In the current issue of The New Yorker, Jill Lepore reveals the history of Planned Parenthood, beginning with the first birth-control clinic in the United States, which opened in October, 1916, in Brooklyn. Margaret Sanger was one of the three employees there, and went on to devote her life to the cause of making birth control available to all women.
It is a fascinating history.
Planned Parenthood In Brooklyn, 2011
Lepore describes how the Planned Parenthood health center in Brooklyn is a typical Planned Parenthood clinic. Last year, seventeen thousand patients received medical care there. Two-thirds were insured by Medicaid, or paid reduced rates, or received free treatment. They were tested for S.T.I.s and U.T.I.s; they were prescribed birth-control pills and antibiotics; they were fitted for diaphragms and I.U.D.s; they had pregnancy tests and Pap smears and abortions.
Planned Parenthood says that one in five women in the United States has been treated at a Planned Parenthood clinic. Critics of Planned Parenthood , who are engaged in a sustained attack on the organization, say that most of those women are going to clinics to have abortions, paid for, in violation of the Hyde Amendment, with taxpayer money.
Abortions Make Up Less Than Three Percent Of Planned Parenthood’s Services
On the contrary, according to Planned Parenthood, abortions make up less then three percent of its services.
From The New Yorker:
The campaign against PP has been unrelenting. Michele Bachman, in one speech, accused the organization of “committing crimes and enabling young minor girls and covering up issues I don’t even want to talk about because it is so disgusting” and in another, described clinics in swank suburban malls where wealthy women are “picking up Starbucks” can be found “stopping off for an abortion.”
From my days working as an abortion counselor, I can vouch for the fact that the decision to abort a foetus is far more weighty than “stopping off for an abortion.” Obviously, Bachman has never been in the agonizing position of having to decide on whether or not to keep a foetus.
Jackie Speier, my Democratic Congresswoman from California, told the story of her own abortion, owing to medical complications in the seventeenth week of a planned pregnancy: “For you to stand on this floor and to suggest, as you have, that somehow this is a procedure that is either welcomed, or done cavalierly, or done without any thought, is preposterous. To think that we are here tonight debating this issue, when the American people, if they are listening, are scratching their heads and wondering: What does this have to do with me getting a job?”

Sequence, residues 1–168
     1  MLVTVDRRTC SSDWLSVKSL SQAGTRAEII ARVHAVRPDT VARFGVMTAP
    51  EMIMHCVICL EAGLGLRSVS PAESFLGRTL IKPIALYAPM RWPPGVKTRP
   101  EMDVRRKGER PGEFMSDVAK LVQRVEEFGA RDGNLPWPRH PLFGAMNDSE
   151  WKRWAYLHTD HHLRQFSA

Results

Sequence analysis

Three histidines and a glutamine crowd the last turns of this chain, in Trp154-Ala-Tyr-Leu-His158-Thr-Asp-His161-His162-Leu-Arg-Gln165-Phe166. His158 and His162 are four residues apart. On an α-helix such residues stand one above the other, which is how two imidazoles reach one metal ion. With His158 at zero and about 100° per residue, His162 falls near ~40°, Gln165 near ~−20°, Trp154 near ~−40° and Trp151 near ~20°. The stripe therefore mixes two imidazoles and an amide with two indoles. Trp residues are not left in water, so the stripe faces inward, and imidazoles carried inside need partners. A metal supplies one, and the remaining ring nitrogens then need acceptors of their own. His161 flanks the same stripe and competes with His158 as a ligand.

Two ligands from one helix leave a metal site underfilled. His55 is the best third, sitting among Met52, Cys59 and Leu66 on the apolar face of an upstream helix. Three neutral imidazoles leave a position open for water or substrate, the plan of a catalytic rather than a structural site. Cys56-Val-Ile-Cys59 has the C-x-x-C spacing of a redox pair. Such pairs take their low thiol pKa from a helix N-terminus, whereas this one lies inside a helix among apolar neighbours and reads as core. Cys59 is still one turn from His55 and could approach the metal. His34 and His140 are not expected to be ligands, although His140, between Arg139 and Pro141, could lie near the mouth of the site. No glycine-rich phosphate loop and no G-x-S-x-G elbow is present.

The fury over Planned Parenthood is two political passions – opposition to abortion and opposition to government programs for the poor – acting as one. So far, it has nearly led to the shutdown of the federal government, required Republican Presidential nominees to swear their fealty to the (so-called) pro-life lobby, tied up legislatures and courts in more than half a dozen states, launched a congressional investigation, and helped cripple the Democratic Party.
Abortion wasn’t a partisan issue until Republicans made it one. In June of 1972, a Gallup poll reported that sixty-eight percent of Republicans and fifty-nine percent of Democrats agreed that “the decision to have an abortion should be made solely by a woman and her physician.” Fifty-six percent of Catholics thought so, too.
Where We Are Now
Republicans established the very federal family-planning programs that Republican members of Congress and the G.O.P.’s Presidential candidates are trying to hard to dismantle. Republicans made abortion a partisan issue, contorted the GOP to mold itself around this issue, but Democrats allowed their party to be defined by it.
Congress failed to defund Planned Parenthood, but several states around the country have undertaken their own measures. Still, the clutch of state defunding laws look likely to fail in the courts.
What would Margaret Sanger say now?
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